Gransnet forums


Sign of Peace

(52 Posts)
ExD Sun 09-May-21 13:55:43

After reading a post on another thread (I think it was called Hug or not to hug) I find myself agreeing with a poster who said she'd stopped going to church because of the silly embarrassing custom of shaking hands and wishing almost strangers "peace be with you".
It has put me off attending communion ever since it was introduced all those years ago.
I have written to our church wardens asking if we could delete it from one service a month so those who find it awkward and off-putting could feel at ease. I only got an acknowledgement.
I wish we could have a referendum smile
How do you feel?

25Avalon Sun 09-May-21 14:03:35

Idk about embarrassing it’s often highly hypocritical. When I lived in town a lady who lived near me would totally ignore me if she saw me in the street - not even a smile! Then in church she would shake hands and wish me peace! What’s Christian about that?

Calendargirl Sun 09-May-21 14:18:19

I posted on the other thread about it.

Hate it, we didn’t do it years ago, don’t know when it became the thing.

At our little country church, we just give a little wave to our near neighbour when the vicar announces it. At our main Group Church, the congregation trail up and down the aisles, hugging and kissing, (pre Covid)

Wasting several minutes of the service.

Then probably slagging each other off at the next coffee morning!

Namsnanny Sun 09-May-21 14:23:39

I often wondered who gets to decide and why?
I suppose 'they're think it makes the service seem more inclusive.

3nanny6 Sun 09-May-21 14:32:52

I think it makes the service more inclusive and the sign of peace is something I do not mind to do. In the service at the beginning we are referred to as brothers and sisters in Christ
so what is wrong to offer our sign of peace to our brothers and sisters, I go to the church to hear the service not be hypocritical.

wildswan16 Sun 09-May-21 14:45:40

But the people with you in church are not "strangers". We are all worshipping in the fellowship of other believers. Of course you don't need to hug people if you don't want to, but shaking hands, smiling, making eye contact is a way of bonding with others and ensuring everyone (especially strangers) are made to feel welcome within the Church.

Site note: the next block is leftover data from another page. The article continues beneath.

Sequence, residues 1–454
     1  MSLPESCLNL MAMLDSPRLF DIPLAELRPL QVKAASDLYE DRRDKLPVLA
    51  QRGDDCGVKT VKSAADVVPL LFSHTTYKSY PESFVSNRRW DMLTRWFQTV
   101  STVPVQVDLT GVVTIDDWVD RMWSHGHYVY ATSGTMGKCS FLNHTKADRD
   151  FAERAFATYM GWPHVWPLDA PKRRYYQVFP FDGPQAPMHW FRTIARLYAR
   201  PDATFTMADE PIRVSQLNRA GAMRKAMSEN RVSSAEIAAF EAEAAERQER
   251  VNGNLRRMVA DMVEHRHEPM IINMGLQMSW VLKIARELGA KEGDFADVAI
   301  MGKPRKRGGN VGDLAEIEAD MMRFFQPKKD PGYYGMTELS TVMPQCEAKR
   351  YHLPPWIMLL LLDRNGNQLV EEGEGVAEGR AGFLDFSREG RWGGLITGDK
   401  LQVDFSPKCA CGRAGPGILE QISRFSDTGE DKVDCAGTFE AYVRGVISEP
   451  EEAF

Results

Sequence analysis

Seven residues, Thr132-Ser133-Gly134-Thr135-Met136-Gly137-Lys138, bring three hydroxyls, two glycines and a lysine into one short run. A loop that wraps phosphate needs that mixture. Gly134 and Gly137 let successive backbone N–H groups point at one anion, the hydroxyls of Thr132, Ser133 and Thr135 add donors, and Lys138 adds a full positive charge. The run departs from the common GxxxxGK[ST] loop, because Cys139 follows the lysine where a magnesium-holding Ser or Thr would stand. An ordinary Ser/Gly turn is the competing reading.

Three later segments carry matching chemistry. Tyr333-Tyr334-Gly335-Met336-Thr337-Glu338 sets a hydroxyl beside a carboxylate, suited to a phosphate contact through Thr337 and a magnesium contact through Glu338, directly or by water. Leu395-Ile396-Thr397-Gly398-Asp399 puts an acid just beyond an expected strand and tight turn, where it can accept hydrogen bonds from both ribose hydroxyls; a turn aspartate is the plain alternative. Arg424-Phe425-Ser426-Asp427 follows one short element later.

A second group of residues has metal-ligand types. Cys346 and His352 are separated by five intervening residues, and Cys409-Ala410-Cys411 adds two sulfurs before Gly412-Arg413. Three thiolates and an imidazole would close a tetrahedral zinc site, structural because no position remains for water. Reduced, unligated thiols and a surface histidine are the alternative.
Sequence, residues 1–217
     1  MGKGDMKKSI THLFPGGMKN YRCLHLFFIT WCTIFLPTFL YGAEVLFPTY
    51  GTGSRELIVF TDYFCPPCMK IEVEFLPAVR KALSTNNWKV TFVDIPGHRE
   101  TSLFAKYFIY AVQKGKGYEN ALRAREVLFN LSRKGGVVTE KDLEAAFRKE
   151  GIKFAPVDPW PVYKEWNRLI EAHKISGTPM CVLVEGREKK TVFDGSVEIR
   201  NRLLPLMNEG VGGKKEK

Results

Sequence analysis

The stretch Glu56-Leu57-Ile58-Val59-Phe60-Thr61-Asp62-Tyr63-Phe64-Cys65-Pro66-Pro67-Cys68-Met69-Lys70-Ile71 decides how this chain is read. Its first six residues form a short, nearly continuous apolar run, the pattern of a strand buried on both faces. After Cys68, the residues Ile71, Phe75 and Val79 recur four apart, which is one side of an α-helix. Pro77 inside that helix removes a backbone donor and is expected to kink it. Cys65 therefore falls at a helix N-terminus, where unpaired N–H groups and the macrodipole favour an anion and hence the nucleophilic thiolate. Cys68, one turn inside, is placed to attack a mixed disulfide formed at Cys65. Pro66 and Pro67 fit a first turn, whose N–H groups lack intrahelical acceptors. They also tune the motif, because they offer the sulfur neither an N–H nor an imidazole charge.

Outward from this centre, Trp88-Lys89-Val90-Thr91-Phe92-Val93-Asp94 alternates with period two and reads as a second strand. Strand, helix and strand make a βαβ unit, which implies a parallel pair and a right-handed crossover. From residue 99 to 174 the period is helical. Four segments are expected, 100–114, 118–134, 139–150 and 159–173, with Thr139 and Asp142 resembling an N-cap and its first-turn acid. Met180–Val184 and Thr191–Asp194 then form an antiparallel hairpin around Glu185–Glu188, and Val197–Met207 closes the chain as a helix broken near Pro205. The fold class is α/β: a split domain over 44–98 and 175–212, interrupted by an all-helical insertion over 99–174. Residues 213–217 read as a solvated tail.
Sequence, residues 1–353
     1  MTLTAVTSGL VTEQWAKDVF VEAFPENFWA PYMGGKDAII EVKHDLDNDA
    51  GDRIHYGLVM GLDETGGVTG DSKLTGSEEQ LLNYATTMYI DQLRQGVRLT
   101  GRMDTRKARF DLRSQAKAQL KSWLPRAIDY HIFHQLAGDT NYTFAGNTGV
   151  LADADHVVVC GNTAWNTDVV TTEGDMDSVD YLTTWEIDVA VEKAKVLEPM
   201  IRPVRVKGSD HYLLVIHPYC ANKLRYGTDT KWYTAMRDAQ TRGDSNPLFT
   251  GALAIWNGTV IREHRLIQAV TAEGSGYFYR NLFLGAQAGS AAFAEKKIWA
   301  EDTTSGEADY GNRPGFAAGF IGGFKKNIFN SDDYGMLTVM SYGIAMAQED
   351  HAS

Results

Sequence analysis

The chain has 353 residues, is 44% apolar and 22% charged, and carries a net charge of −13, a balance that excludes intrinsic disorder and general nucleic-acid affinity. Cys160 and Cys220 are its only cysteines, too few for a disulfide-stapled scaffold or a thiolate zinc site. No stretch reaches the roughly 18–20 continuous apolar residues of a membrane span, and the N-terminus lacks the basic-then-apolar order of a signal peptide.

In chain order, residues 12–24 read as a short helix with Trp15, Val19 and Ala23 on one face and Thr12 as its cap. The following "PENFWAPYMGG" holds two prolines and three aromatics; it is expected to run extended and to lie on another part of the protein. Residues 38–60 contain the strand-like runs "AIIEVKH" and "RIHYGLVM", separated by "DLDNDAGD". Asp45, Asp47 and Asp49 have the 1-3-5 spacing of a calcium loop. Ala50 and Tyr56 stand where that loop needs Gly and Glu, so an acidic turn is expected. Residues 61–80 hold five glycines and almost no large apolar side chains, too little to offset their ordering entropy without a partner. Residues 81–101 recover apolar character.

EkwaNimitee Sun 09-May-21 14:49:49

I don’t go to church, nor am I a Christian but I would be happy to wish any one peace. Acquiring a bit of peace might make a troublesome person a nicer one!
But what I wouldn’t be happy about is shaking hands. When we stopped doing it due to COVID, I realised that I had never liked doing it (sweaty hands, yuk!). I’m going to avoid doing it future, I shall just raise a hand or do it the Muslim way, hand over heart which is a much nicer gesture.

Kali2 Sun 09-May-21 14:52:11

I read this and find it so sad. And makes me glad I have given up all this hypocrisy and nonsense.

Septimia Sun 09-May-21 15:39:42

We've never adopted the practice of exchanging the peace at our church - and I think people would leave if we did! We're a small community and we all know each other, so we greet each other informally and check on each others welfare before the service and say goodbye at the end. The peace has always seemed superfluous.

When visiting other churches we've had to do it but DH always complains that it just a way of wasting time and making the service go on longer! He is in favour of people getting together for coffee after the service, though, and having genuine caring conversations.

keepingquiet Sun 09-May-21 15:53:48

It is a revised but ancient tradition of the church- in medieval times kissing the pax ( often a simple wooden board) and passing it around, was a sign of peace for the whole community and not just the person sitting next to you.
I don't think there's anything wrong with wishing anyone peace, whether you shake hands or not.
I find the tone of this thread rather mean spirited, but wish you all peace nevertheless.